Panama Canal

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Panama Canal

Many say that Panama City looks a lot like Miami Beach, Fla.

The Bridge of the Americas (left) is an impressive structure. We had this wonderful view right off the stern of Quest while staying at the Balboa Yacht Club in Panama City.

 

When we arrived at the Balboa Yacht Club in Panama we were able to find mooring close to Lazy Bones. (right) These moorings can be hard to come by - and the Yacht Club takes NO reservations. They provide water taxi service around the clock. This is a good idea since the currents coming out of the canal can be tremendous.

Here we are at TGIFriday's in Panama after a successful trip from Costa Rica. Our first desire was to find a place to have a cool drink and relax. (Pictured here, left: Harvey, Delia, Scott & Jean.)

 

After arriving in Panama we took a tour of the Canal. Here we are entering the first of three locks that will raise us to Lake Gatun where we will traverse the country at its narrowest part. Then we will be lowered by three more locks to the Atlantic Ocean.

As we enter the first lock (left) we can look back at the Bridge of the Americas and the Port of Panama. Also, check out those large tractors, called "mules" because they help move the large ships through the locks. The Chinese have taken over the management of the canal since the Americans left and have provided this much needed new machinery.

Here we are (right) in the Mira Flores Lock (the first lock). One of the reasons we're so happy is that the weather is considerably cooler than it's been in two months. And the Quest is not a cruise ship, it's a sail boat. Behind us you see the gates that hold back the water from above.

This is a view from the Mira Flores observation building. These large container ships are called "Panamax" ships because they are built to fit inside the locks of the Panama Canal with only a few feet to spare. These electric locomotive engines keep the ships in the center of the locks by means of large steel cables. The ships themselves go through the canal on their own power. The water entering and leaving the locks creates tremendous turbulence which can be problematic for small boats.

We are lucky that our tour boat can raft next to this tug boat. (right) It's much cleaner than having your boat against the dirty wall of the lock chamber!

 

This is a new bridge for crossing over the canal (left). You can see the new range marker that tells whether you need to steer your boat to port or starboard. A green light would tell you that you're a bit too far to port.

When this cut (and other dredging) was made the causeway was built to the south of the entrance of the canal on the Pacific side. Not only does this provide a place for depositing all the dirt and rock from the canal, but it also protects the canal entrance from ocean surge from the south.

Rain water and dammed up lakes keep Lake Gatun full. (left) It is this water that allows the locks to raise and lower the ships. This spillway is opened when water is needed in Lake Gatun.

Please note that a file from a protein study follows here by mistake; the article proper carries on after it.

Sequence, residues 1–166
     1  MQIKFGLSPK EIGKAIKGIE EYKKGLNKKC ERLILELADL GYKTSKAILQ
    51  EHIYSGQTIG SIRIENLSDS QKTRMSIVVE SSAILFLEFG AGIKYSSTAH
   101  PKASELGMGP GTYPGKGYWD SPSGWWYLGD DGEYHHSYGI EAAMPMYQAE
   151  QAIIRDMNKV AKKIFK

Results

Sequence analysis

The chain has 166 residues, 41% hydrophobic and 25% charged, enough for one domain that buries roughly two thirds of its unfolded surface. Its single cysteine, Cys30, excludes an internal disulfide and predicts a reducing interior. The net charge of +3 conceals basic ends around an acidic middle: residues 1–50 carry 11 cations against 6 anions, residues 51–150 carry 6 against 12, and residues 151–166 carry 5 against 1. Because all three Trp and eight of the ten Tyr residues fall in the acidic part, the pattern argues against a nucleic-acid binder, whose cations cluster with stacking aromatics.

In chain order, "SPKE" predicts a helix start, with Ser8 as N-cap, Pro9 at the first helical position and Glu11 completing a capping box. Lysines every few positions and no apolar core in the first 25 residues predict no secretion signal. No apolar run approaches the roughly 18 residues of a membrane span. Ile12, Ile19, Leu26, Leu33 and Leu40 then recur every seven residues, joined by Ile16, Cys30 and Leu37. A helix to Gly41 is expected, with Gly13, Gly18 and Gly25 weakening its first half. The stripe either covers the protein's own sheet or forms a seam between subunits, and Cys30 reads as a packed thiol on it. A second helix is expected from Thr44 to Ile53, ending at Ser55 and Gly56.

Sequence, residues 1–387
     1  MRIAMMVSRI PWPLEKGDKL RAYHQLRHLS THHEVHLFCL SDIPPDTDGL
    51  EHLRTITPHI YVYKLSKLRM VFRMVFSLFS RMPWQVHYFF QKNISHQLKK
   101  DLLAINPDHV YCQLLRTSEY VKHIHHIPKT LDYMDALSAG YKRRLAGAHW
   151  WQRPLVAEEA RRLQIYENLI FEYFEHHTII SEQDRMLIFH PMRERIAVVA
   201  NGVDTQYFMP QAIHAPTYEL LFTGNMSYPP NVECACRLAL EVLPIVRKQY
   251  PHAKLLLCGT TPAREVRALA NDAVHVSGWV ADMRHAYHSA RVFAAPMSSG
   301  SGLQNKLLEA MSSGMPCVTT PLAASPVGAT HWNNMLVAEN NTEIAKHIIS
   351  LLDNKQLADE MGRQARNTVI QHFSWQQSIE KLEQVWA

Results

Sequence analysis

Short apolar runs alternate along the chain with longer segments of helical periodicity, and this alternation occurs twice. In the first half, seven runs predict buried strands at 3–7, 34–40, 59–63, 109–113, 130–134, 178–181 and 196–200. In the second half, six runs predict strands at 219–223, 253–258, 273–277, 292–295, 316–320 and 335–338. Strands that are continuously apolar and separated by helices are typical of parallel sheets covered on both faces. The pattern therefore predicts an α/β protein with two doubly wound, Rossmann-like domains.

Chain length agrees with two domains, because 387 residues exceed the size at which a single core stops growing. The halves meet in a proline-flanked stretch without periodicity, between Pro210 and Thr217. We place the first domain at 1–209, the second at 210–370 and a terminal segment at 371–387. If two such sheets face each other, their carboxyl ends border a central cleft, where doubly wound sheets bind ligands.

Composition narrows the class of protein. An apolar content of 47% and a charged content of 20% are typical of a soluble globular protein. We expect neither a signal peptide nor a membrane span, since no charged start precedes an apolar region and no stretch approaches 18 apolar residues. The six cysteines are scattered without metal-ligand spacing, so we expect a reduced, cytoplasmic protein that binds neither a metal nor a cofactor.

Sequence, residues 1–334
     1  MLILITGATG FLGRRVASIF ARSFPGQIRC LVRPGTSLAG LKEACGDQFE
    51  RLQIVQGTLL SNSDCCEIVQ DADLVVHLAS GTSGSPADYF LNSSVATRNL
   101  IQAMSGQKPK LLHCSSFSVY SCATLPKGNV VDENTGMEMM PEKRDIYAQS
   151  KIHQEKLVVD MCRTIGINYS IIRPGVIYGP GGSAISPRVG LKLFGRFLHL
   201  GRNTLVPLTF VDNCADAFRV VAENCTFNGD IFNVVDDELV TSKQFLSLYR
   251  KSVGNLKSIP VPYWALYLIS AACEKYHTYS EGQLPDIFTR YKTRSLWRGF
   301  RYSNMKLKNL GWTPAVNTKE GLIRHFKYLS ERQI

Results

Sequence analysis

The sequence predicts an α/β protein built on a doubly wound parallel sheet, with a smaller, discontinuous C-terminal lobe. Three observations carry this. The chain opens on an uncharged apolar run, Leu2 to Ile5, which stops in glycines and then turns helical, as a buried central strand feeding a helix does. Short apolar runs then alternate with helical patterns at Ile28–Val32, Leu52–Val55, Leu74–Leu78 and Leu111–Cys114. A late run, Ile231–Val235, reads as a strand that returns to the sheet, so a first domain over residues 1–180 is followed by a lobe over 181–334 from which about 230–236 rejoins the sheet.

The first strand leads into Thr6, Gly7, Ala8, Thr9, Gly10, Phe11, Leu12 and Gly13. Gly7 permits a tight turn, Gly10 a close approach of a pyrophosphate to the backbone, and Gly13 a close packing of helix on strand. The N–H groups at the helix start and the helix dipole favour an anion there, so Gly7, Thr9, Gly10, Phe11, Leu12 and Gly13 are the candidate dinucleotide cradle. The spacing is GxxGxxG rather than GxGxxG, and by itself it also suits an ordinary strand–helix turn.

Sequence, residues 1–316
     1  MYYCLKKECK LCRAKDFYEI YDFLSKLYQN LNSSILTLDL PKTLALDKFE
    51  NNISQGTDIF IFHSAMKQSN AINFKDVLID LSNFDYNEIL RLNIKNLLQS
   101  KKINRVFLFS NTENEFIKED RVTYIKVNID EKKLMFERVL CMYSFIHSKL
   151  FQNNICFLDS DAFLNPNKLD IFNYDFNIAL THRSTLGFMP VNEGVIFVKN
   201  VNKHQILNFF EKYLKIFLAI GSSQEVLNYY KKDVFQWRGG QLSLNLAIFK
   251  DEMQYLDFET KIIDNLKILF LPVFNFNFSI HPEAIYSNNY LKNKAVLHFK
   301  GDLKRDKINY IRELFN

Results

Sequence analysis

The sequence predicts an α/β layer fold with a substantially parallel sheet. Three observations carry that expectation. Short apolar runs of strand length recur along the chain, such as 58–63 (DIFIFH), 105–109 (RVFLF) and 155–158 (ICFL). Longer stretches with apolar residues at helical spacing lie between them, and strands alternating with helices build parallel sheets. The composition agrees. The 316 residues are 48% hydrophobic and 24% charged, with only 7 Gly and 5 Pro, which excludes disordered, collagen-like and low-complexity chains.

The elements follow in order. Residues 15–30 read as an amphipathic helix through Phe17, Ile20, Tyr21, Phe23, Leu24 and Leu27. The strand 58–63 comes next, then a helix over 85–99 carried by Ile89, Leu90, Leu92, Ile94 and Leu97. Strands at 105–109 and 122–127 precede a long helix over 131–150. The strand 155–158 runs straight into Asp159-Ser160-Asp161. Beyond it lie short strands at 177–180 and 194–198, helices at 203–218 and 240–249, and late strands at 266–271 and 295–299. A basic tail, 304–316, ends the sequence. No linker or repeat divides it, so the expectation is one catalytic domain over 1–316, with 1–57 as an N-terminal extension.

It was pretty amazing to come this close to these huge ships as we traversed the canal. Our tour guide was terrific, giving us lots of history and interesting facts about the canal.

 

There are many islands in Lake Gatun. Some of these islands provide recreational spots for the Panamanians who have boats.

Dredging and widening is constantly going on in the canal as seen on the right.

 

All along the lake and throughout Panama the rain forest was exquisite with flowering trees and plants.

Lake Gatun was created by a dam which keeps the lake at a constant level.

 

Here's how cruisers "gussy up" for a night on the town. Panama City had numerous attractive and delicious restaurants from which to choose.

We visited Old Town Panama City on a Saint's Day. It is common to have religious parades through the streets of Central American countries.

A view of the church from across the square. This "Old Town" area was built during the French influence in Panama.

 

These are various views of the buildings of Old Town, Panama City.

Is Tony in trouble?? (right) Stay tuned to find out.

 

 

More shots of Old Town Panama.

 

 

 

 

There are also many government buildings in this area.

 

The view across the bay is of downtown Panama City. It looks a lot like Miami! (right)

 

Panama is a very poor country with many dwellings similar to the multistoried aqua building you see here. The poverty has intensified since the Americans have been asked to relinquish the Canal and abandon their large army and navy bases.

 

These ruins come from the era of Spanish exploration. There was a very large population living on this site! The Panamanians are in the process of restoring these fabulous structures.

 

 

There were many ruins that told a story of the early settlers. Thousands of people lived in this area.

 

These structures were incredibly large. I think that I'm fascinated by this site because we forget about the Spanish presence here in Panama. This site told a story of quite a thriving community.

Neat arch! Don't you think? (Tony's Photo)

 

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12/21/2010 20:11                                         Hit Counter